2014 Volnay, Les Lurets, 1er Cru, Dominique Lafon

2014 Volnay, Les Lurets, 1er Cru, Dominique Lafon

Product: 20148014072
Prices start from £299.00 per case Buying options
2014 Volnay, Les Lurets, 1er Cru, Dominique Lafon


This Premier Cru Volnay displays vibrant purple fruit with a touch of wood. There is impressive weight to this and no signs of post-hail stress. The fruit is mouth-filling and the finish excellent. Although this is backward, it is nonetheless very promising.

Production of the Dominique Lafon wines has now moved to large cellars at the Château de Bligny, providing much better working conditions than previously. As a result of the hail, there is unlikely to be any village Volnay or Beaune Épenottes for us to offer. However, Dominique has found an excellent source of Beaune Vignes Franches this year to make up part of the shortfall. This cuvée apart, all the vineyards are managed by the Les Héretiers du Comte Lafon viticultural team, using the same methods. Starting this year, the wines will all be bottled using Diam30 corks.
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6 x 75cl bottle
BBX marketplace BBX 1 case £299.00
BBX marketplace BBX 1 case £300.00

Critics reviews

Wine Advocate90/100
Wine Advocate90/100
Tasted blind at the Burgfest 2014 tasting, Dominique Lafon's 2014 Volnay 1er Cru Les Lurets, closed under Diam 30, has a very pure and endearing bouquet with blueberry and dark cherry fruit, a hint of violet and some vanilla-laced oak yet to be fully subsumed. But here I feel that there is enough fruit to soak it up. The palate is medium-bodied with supple red cherry and strawberry notes, a very subtle mintiness that becomes more prominent toward the second half. There is commendable depth and poise here, but it needs another 18 to 24 months before it starts to drink well. Tasted September 2017.
Neal Martin - 31/10/2017 Read more

About this WINE

Dominique Lafon

Dominique Lafon

From 2008 Dominique Lafon decided to make a few wines under his own label, separate from the family domaine (Domaine des Comtes Lafon). Though this new company has the official status of a negociant, almost all the wines are in fact domaine bottlings from vineyards which Dominique either owns or has the contract to farm. The wines are now vinified, matured and bottled at the Chateau de Bligny, where Dominique and colleagues also operate a custom crush facility for small-scale winemakers who do not have their own winery. 

The whites begin with Bourgogne Blanc (from 2010), village Meursault from La Petite Montagne which formerly went into the Domaine des Comtes Lafon Meursault blend, a single vineyard Meursault les Narvaux (from 2010) and a small premier cru holding of Puligny-Montrachet, Champgain. Some 2008 Viré-Clessé has been replaced from 2009 by a cuvée of St-Véran. The reds are a village Volnay and premier cru Les Lurets.

The reds are a village Volnay and premiers crus Volnay, Les Lurets and Beaune Les Epenottes.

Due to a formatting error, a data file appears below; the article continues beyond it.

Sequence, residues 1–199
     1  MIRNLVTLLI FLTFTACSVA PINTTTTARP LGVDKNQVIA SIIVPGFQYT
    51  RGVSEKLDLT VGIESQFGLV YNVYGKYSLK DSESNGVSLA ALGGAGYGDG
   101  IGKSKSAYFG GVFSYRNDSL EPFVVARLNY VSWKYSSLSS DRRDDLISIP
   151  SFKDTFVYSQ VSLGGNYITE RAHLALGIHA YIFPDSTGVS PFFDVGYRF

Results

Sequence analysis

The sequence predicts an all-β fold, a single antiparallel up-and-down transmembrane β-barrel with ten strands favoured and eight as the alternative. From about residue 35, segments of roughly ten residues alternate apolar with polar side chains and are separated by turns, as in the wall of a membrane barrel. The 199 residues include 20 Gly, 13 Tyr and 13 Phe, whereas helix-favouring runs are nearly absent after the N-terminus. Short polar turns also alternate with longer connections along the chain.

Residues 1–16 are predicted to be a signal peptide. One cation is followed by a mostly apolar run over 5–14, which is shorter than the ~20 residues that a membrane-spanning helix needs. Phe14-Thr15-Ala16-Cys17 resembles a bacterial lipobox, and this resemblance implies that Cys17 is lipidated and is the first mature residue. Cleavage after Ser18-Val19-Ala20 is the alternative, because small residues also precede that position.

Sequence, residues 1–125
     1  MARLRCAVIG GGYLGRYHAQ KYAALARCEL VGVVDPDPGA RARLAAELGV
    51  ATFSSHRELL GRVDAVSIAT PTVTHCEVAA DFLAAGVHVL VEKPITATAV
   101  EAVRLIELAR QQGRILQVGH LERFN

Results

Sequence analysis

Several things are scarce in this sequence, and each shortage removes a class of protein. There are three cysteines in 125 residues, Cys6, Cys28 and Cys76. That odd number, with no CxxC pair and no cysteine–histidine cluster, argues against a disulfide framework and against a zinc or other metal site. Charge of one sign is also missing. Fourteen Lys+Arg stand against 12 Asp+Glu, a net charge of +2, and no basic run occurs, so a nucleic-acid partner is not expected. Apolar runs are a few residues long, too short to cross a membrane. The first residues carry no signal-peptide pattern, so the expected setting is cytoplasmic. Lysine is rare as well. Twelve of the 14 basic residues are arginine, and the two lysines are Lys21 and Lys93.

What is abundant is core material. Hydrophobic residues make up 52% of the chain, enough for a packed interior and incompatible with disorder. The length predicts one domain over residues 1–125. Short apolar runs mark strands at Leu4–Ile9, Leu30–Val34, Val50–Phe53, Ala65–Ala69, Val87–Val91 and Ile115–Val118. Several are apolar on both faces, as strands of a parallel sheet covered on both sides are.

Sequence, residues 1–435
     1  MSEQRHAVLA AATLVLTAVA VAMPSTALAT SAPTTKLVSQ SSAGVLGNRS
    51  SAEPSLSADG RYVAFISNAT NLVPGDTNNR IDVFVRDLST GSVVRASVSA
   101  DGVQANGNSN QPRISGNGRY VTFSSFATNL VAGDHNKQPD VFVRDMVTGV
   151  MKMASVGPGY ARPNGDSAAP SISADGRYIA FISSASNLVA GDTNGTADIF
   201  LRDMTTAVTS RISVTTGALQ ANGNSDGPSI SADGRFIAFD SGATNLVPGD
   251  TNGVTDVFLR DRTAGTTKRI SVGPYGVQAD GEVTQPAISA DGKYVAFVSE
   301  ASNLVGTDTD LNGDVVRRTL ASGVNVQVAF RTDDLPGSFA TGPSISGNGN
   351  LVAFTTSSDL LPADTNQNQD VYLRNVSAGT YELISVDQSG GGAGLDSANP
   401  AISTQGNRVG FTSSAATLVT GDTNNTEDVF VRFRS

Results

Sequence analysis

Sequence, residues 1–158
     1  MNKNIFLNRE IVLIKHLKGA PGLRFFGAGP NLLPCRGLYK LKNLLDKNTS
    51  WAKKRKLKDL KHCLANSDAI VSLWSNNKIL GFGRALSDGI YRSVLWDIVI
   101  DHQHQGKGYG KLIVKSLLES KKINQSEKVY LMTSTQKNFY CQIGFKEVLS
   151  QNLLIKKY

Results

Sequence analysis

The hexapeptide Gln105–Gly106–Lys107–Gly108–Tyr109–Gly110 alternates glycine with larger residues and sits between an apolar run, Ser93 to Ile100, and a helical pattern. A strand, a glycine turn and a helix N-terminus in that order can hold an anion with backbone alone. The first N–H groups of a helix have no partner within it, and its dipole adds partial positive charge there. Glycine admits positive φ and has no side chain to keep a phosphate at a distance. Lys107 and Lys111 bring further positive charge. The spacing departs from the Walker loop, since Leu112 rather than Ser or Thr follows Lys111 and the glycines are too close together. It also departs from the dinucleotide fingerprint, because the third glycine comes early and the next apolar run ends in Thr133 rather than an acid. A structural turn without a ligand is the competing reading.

The Dominique Lafon label is exclusive to Berry Bros. & Rudd in the UK, Hong Kong and Japan.

Jasper Morris MW, Burgundy Wine Director and author of the award-winning Inside Burgundy comprehensive handbook.

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The finest and most elegant red wines of the Côte de Beaune are grown in Volnay, a village which might be twinned with Chambolle- Musigny in the Côte de Nuits, for the high active chalk content in the soil and comparatively low clay content.

Whereas in earlier times Volnay was made in a particularly light, early drinking style, these days there are many producers making wines which age extremely well. The best vineyards run either side of the RN73 trunk road.
  • 98 hectares of village Volnay
  • 115 hectares of Premier Cru vineyards (35 in all). The finest include Les Taillepieds, Clos des Chênes, Champans, Caillerets (including Clos des 60 Ouvrées) and Santenots in Meursault.
  • Recommended producers:  LafargeLafonde Montille

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Pinot Noir

Pinot Noir

Pinot Noir is probably the most frustrating, and at times infuriating, wine grape in the world. However when it is successful, it can produce some of the most sublime wines known to man. This thin-skinned grape which grows in small, tight bunches performs well on well-drained, deepish limestone based subsoils as are found on Burgundy's Côte d'Or.

Pinot Noir is more susceptible than other varieties to over cropping - concentration and varietal character disappear rapidly if yields are excessive and yields as little as 25hl/ha are the norm for some climats of the Côte d`Or.

Because of the thinness of the skins, Pinot Noir wines are lighter in colour, body and tannins. However the best wines have grip, complexity and an intensity of fruit seldom found in wine from other grapes. Young Pinot Noir can smell almost sweet, redolent with freshly crushed raspberries, cherries and redcurrants. When mature, the best wines develop a sensuous, silky mouth feel with the fruit flavours deepening and gamey "sous-bois" nuances emerging.

The best examples are still found in Burgundy, although Pinot Noir`s key role in Champagne should not be forgotten. It is grown throughout the world with notable success in the Carneros and Russian River Valley districts of California, and the Martinborough and Central Otago regions of New Zealand.

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